Rainbow, German brown trout can get trophy big at Lake Almanor
Lake Almanor. What a tremendous body of water.
It’s the second-largest manmade lake in California to Shasta and the largest manmade lake in the state with an earthen dam. There are many miles of shoreline, but as most anglers learn, there are only certain areas the fish tend to be in, depending on the time of year.
Besides the brown bullhead catfish, there’s a good bass population, primarily smallmouth. Anglers can be found parked along the Highway 36 causeway to fish the shallows for catfish in the evening, and bass boats can be seen roaming every inch of the shoreline and summer islands.
The lake is planted each year with thousands of excess King salmon from state hatcheries. They don’t get anywhere near as big as their ocean counterparts. A good keeper salmon might hit three pounds, and occasionally, you might get one to six. They’re scrappy when they get hooked.
While some anglers are content to troll or dunk bait at anchor for the smaller salmon, rainbow and German brown trout can reach trophy proportions.
Big numbers of rainbows and browns also are put into the lake. Many trout that are introduced into the lake each year are raised through the winter in holding pens in the Hamilton Branch and managed by the Lake Almanor Fishing Association.
All are of immediate catchable size when they’re released in the spring, and many anglers are content with a limit of the smaller, pan-size trout and salmon.
Many years ago, Japanese Pond Smelt were introduced into the lake as a forage fish for the game fish. Most fish munch on the smelt year-round, and because of this food source, the trout grow big and fast.
The lake is choked with smelt right now, and if you know what you’re looking at on your scope, there are massive clouds of the tiny fish.
You’ll generally see your targeted game fish hanging close by the school of smelt. It’s not unusual to see smelt flying out of the water trying to escape the gaping jaws of a trout or salmon.
The more you fish Lake Almanor, you come to realize there are much bigger fish to be had. Perhaps not limits, though.
Linda and I spend the majority of the summer at Lake Almanor, and we’re joined for a week in May and September by Brian Richter and his wife, Lucy, of Pilot Hill.
Sometimes, our boats are fairly close together; sometimes, we’re half a lake apart. We’re all after big fish. While some anglers are bait fishing at anchor in Big Springs, Lake Cove and around A-Frame, we’re trolling.
In May, Linda managed a 5¾-pound German brown. She lost a massive brown just before that. It rolled once on the surface, and after a 15-minute battle, the line finally broke. When it broke the surface, it looked like a log.
In September, I matched her brown with my 5¾-pounder. We caught numerous rainbows from 3 to 3½ pounds.
The Richters trolled the east shoreline in the Dorado Inn region. They had three rods out, one on a downrigger and two lead-core rigs. One lead-core rig lit up. Brian was reeling it in when another rod took a dive. Lucy announced, “You’re snagged.”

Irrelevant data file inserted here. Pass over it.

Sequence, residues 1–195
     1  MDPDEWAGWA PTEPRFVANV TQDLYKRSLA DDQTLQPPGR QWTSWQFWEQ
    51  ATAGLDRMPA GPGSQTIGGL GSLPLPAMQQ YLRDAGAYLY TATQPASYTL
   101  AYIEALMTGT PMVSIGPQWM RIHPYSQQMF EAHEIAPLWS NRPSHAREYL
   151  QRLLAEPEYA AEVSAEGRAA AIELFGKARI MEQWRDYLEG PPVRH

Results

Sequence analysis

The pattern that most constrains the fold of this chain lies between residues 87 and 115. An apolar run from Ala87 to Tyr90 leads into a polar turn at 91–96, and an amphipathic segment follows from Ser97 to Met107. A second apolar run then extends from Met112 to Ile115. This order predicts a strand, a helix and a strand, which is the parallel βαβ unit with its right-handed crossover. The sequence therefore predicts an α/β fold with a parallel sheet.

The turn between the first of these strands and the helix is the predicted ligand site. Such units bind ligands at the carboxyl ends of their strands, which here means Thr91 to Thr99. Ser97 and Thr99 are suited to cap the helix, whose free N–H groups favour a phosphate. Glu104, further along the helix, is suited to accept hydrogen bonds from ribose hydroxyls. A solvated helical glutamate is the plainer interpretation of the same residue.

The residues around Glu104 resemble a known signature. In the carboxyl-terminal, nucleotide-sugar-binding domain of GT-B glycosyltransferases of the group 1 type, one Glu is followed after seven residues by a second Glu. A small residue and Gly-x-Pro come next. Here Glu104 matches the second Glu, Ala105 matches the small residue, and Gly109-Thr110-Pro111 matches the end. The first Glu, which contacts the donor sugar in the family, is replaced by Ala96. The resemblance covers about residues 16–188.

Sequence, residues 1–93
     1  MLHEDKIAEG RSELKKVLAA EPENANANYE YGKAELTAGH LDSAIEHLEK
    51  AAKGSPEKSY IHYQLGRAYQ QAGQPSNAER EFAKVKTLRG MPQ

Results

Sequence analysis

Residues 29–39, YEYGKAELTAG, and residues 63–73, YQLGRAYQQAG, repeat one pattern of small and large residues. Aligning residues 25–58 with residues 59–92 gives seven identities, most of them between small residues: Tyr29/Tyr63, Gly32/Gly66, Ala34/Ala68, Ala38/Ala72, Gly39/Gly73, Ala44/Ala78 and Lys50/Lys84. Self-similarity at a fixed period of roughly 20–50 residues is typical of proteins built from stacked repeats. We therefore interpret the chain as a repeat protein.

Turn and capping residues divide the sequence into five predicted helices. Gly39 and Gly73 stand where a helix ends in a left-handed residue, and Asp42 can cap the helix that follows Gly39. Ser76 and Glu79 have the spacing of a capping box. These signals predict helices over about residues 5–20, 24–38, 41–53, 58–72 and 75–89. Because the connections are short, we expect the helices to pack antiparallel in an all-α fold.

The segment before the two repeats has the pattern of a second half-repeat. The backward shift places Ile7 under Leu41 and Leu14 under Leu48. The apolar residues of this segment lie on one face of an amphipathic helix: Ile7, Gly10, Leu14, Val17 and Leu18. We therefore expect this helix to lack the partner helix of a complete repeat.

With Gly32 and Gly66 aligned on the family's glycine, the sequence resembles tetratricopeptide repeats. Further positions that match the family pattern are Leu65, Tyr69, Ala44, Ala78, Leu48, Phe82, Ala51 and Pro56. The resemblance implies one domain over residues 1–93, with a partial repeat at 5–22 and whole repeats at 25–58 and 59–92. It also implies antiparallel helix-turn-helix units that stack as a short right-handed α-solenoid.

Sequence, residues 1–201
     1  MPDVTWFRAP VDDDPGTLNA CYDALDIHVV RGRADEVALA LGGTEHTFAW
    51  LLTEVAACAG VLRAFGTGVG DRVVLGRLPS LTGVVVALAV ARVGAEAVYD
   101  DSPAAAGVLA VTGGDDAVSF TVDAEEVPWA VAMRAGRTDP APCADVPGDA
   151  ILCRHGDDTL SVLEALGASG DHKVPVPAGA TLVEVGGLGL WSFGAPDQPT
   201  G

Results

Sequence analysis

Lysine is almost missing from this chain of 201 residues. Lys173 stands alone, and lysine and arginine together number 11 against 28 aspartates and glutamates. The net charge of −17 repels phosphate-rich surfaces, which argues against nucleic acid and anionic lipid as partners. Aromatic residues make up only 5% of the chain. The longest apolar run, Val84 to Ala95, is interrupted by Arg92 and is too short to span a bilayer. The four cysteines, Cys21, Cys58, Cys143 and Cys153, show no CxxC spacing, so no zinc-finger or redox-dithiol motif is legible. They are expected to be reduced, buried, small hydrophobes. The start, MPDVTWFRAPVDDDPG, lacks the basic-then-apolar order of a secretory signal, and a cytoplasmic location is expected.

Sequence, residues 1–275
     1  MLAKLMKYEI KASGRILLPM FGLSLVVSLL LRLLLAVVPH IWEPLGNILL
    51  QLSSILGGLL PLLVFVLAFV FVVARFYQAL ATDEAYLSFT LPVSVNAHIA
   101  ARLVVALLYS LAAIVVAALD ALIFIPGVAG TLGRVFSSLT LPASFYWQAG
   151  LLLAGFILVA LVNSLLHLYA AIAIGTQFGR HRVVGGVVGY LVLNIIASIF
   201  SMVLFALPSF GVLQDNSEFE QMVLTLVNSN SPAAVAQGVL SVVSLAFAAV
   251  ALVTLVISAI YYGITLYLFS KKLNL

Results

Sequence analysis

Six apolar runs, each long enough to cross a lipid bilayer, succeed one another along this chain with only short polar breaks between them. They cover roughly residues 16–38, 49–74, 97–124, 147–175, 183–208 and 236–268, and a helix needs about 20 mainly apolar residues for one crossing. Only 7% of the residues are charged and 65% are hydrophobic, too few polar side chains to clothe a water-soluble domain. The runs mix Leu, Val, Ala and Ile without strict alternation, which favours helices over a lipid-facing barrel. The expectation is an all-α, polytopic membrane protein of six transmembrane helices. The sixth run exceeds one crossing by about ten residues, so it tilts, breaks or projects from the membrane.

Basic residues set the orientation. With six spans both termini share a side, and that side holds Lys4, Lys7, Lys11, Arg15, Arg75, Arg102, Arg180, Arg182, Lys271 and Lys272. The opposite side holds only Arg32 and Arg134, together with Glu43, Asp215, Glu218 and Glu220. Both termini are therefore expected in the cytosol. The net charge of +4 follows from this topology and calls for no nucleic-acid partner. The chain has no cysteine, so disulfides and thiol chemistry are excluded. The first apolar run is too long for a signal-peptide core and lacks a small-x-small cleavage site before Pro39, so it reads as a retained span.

Lucy brought in a small salmon with the one rod while Brian thought he was snagged with the other rod. It quickly dawned on him that snags generally don’t move at about the same speed as the boat.
As the boat continued its trolling motion, so did whatever was at the end of the line. All of a sudden, it became a tug-of-war. This was no snag. It was a fish.
Pumping the rod, Brian would reel in a color. The fish pulled out three.
Eventually, the fish got tired and Lucy slipped it into the net.
We stay in constant contact with FRS radios, and once Brian’s heartbeat settled down, he announced on the radio: Seven pounds, 11 ounces.
It’s the largest trout we’ve taken from the lake but well short of the Almanor-record 14 pounds-plus brown trout.
I’ve converted Brian from using live nightcrawlers to rubber worms. Trim them down, thread them on a hook, and they’ll generally out-fish a live crawler. This lunker had no problem gulping down a rubber worm.
I’ll be hearing that story from Brian for some years to come, I’m afraid.
The warm waters are affecting most fisheries, but a cooling trend might be coming.
New Melones: Limits of trout are the rule, but only downriggers will get to them. You need to drop down up to 80 feet in the main body. There’s a big shad population so haul a lure that has a shad pattern. A small dodger also helps to attract.
San Pablo Bay region: There’s launching at the mouth of the Petaluma River, at Black Rock off Highway 101. Turn left and stay in the river without going into San Pablo Bay. Striper action is blistering. Bullheads will do the trick. Further east, the Napa River is holding a large number of sturgeon, and there’s easy launching near the mouth in Vallejo. I’ve done well anchored just up from the Highway 37 bridge around Buoy 1.
San Francisco Bay: The halibut bite has been good in the usual areas — Angel Island, Crissy Field, the Berkeley Flats. However, you want a fast tide for stripers and a slow tide for halibut. It will be a pretty fast tide this week. That will bode well for salmon triers inside the bay around California City.
Folsom Lake: There isn’t much competition on this lake, but the trout and salmon bite continues. Again, downriggers are necessary to get down 65 feet or so, where they’re hanging out in the main body along the old river channel. A small Speedy Shiner will work. However, you might need to tweak the lure. If you troll too slow, you won’t get the action from the lure you need. Bend it slightly, and it will work wonderfully at slow speeds. With the hot weather, bassing continues to be slow.
Contact George deVilbiss at GeorgesColumn@aol.com.